SEC Whistleblower director McKessy’s statement indicates that many of the high-quality tips received in the past two years have led to cases that are just now maturing in court. Given the complexity of SEC enforcement actions and the vigor with which they are fought, delays in whistleblower award distributions are unsurprising.

How does the SEC determine the amount of a monetary whistleblower award? 

The first whistleblower bounty, which was issued in August 2012, was modest: approximately $50,000, according to the SEC. But the program’s guidelines, which award whistleblowers by percentage, could potentially range in the millions for high-penalty cases.

Whistleblower awards range from 10 to 30 percent of the sum collected by the SEC, or by other federal agencies in the enforcement actions that resulted from the information that the whistleblower provided. If multiple whistleblowers receive an award for the same action, as was the case in the SEC June 12 order, each whistleblower receives an individual percentage of the total amount determined to be the full award.

The SEC has full discretion over the award determination. It considers these factors in its whistleblower award decisions:

  • the nature and significance of the information provided,
  • the assistance provided by the whistleblower,
  • the interest of law enforcement agencies in the wrongdoing,
  • whether the whistleblower, if an employee of the subject organization, first reported the information internally,
  • the whistleblower’s culpability in any violation, and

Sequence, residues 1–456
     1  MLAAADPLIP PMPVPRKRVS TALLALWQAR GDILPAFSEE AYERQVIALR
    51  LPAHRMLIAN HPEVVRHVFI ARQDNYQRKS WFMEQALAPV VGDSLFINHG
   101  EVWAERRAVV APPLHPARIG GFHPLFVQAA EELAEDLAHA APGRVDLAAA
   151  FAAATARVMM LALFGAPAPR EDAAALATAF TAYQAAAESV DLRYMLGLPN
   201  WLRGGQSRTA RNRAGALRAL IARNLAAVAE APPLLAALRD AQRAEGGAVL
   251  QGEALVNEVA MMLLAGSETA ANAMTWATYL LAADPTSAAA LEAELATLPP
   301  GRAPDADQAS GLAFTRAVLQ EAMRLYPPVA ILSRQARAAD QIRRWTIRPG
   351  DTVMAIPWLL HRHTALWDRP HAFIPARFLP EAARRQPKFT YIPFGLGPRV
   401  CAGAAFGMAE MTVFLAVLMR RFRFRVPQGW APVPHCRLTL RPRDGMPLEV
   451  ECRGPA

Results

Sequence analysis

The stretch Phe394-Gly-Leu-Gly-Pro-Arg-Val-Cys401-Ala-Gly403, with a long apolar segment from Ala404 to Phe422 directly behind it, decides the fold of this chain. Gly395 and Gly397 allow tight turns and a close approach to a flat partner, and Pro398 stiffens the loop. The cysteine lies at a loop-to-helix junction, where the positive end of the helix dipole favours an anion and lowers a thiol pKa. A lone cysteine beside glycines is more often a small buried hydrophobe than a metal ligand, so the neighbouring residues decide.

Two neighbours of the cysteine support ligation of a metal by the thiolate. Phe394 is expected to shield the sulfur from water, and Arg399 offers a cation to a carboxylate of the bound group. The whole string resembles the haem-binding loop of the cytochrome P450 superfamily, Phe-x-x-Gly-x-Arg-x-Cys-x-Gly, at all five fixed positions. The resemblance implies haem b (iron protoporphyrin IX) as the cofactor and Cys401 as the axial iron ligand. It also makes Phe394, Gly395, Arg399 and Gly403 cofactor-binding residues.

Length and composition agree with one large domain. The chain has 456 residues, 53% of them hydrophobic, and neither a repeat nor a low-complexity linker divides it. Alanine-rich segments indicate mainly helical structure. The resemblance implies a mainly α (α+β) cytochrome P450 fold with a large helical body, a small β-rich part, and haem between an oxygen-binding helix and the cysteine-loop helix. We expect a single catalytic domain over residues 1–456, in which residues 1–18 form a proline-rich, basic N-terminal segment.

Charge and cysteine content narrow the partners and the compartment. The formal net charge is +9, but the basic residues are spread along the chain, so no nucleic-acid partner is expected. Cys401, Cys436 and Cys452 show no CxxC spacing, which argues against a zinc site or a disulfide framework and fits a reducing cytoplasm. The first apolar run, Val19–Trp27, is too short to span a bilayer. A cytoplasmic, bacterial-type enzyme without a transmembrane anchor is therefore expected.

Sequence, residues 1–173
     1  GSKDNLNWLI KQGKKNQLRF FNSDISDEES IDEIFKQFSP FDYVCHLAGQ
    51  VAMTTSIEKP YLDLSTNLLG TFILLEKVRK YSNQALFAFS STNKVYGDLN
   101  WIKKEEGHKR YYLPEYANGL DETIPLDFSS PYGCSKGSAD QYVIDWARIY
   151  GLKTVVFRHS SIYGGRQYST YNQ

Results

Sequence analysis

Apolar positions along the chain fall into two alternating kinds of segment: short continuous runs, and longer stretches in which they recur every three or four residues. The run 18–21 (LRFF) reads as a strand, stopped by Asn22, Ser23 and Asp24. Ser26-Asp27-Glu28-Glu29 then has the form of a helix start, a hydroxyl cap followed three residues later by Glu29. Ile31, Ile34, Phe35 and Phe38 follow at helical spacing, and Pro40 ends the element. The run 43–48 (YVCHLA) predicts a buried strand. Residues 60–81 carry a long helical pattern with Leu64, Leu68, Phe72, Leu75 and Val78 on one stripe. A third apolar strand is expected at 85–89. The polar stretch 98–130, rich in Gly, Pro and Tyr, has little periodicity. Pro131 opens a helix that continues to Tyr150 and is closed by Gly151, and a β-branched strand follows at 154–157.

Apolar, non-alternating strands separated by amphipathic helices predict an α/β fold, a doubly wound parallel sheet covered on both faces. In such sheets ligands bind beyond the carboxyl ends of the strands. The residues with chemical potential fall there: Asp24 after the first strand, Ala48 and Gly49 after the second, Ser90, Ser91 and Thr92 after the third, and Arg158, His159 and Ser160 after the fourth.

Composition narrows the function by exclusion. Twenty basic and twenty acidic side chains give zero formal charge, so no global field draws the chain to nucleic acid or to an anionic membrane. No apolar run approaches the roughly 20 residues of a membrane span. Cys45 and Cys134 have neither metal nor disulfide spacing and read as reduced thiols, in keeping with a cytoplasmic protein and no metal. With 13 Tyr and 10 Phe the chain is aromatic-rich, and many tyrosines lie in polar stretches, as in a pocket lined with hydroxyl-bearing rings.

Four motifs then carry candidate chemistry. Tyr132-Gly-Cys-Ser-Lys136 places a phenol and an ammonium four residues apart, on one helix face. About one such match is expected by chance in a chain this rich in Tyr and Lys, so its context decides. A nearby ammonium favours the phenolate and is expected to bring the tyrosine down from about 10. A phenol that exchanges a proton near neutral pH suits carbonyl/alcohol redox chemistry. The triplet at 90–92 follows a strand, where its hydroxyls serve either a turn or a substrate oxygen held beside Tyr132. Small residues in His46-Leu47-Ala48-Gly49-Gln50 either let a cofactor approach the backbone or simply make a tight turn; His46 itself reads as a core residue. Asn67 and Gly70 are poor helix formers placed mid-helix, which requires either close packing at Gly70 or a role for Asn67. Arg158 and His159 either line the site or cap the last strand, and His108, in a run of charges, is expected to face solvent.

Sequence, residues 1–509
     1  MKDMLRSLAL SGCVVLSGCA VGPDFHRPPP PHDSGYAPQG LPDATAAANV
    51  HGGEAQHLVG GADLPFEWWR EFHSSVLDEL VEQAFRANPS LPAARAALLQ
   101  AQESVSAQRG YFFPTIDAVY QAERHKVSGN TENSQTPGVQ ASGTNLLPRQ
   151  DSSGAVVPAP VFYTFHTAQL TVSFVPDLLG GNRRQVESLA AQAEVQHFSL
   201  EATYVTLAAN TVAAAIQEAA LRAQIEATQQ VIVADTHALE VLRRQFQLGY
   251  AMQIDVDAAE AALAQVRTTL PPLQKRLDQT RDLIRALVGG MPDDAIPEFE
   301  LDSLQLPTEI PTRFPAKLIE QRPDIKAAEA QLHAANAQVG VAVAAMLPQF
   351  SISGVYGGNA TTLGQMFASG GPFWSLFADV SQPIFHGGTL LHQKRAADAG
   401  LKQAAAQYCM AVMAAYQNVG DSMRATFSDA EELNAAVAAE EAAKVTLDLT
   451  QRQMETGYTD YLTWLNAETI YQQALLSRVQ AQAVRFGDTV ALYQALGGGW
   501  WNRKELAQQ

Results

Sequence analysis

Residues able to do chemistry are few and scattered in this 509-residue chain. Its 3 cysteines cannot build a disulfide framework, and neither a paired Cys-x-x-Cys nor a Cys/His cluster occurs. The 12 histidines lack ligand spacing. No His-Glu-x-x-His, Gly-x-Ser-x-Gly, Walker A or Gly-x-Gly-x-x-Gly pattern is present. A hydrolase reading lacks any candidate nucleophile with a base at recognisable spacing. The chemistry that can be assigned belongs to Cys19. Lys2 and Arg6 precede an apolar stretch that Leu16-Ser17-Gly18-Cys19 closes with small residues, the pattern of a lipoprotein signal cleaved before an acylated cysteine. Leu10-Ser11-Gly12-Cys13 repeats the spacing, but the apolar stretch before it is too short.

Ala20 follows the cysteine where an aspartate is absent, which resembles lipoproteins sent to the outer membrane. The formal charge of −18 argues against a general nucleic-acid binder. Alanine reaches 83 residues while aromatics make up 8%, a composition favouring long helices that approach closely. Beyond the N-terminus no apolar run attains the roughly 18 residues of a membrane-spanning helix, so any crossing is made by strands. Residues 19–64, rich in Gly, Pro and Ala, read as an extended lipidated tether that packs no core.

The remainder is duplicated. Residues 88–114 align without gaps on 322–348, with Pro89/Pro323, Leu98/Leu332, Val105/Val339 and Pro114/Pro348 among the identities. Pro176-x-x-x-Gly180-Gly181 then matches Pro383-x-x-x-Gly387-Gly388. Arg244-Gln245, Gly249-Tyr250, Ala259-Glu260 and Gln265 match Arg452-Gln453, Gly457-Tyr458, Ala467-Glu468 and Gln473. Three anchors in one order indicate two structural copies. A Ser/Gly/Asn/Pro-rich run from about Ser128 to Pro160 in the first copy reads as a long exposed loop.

• the timeliness of the submission of information.

Must employees of the subject organization report information internally before submitting a whistleblower tip to the SEC?

It is not required. When making award determinations, however, the SEC looks favorably on whistleblowers who complied with their company’s policies by reporting the matter internally before notifying the SEC.

Whistleblowers who first report internally must submit the same information to the SEC within 120 days to be eligible for a whistleblower award.

How does the SEC whistleblower program protect whistleblowers from retaliation?

The SEC whistleblower program contains provisions protecting whistleblowers from retaliation. They make it illegal for employers to “discharge, demote, suspend, harass, or in any way discriminate against” whistleblowers who report information to the SEC under the reporting guidelines of the program.

These protections apply whether the whistleblower’s information proved to be factual or not, so long as the employee had “reasonable belief” that the reported information was an actual violation and was not submitted frivolously or maliciously.

The SEC program permits whistleblowers to take their employers to federal court for retaliation.

I have knowledge about potential securities violations. Where can I submit a whistleblower tip?

Whistleblowers must submit information in writing. Telephone tips are not permitted. They may go to sec.gov/whistleblower and use the ‘Tip, Complaint or Referral Portal’ or obtain the mailing address or fax number where the ‘Form TCR’ may be submitted.